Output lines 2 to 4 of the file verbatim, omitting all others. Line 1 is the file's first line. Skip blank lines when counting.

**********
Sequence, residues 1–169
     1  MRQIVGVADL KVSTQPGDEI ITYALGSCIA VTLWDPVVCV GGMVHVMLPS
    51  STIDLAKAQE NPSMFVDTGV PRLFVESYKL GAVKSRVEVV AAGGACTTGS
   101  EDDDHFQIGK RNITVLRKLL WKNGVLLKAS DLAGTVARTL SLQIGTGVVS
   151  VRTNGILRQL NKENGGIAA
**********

     1  MRQIVGVADL KVSTQPGDEI ITYALGSCIA VTLWDPVVCV GGMVHVMLPS
    51  STIDLAKAQE NPSMFVDTGV PRLFVESYKL GAVKSRVEVV AAGGACTTGS
   101  EDDDHFQIGK RNITVLRKLL WKNGVLLKAS DLAGTVARTL SLQIGTGVVS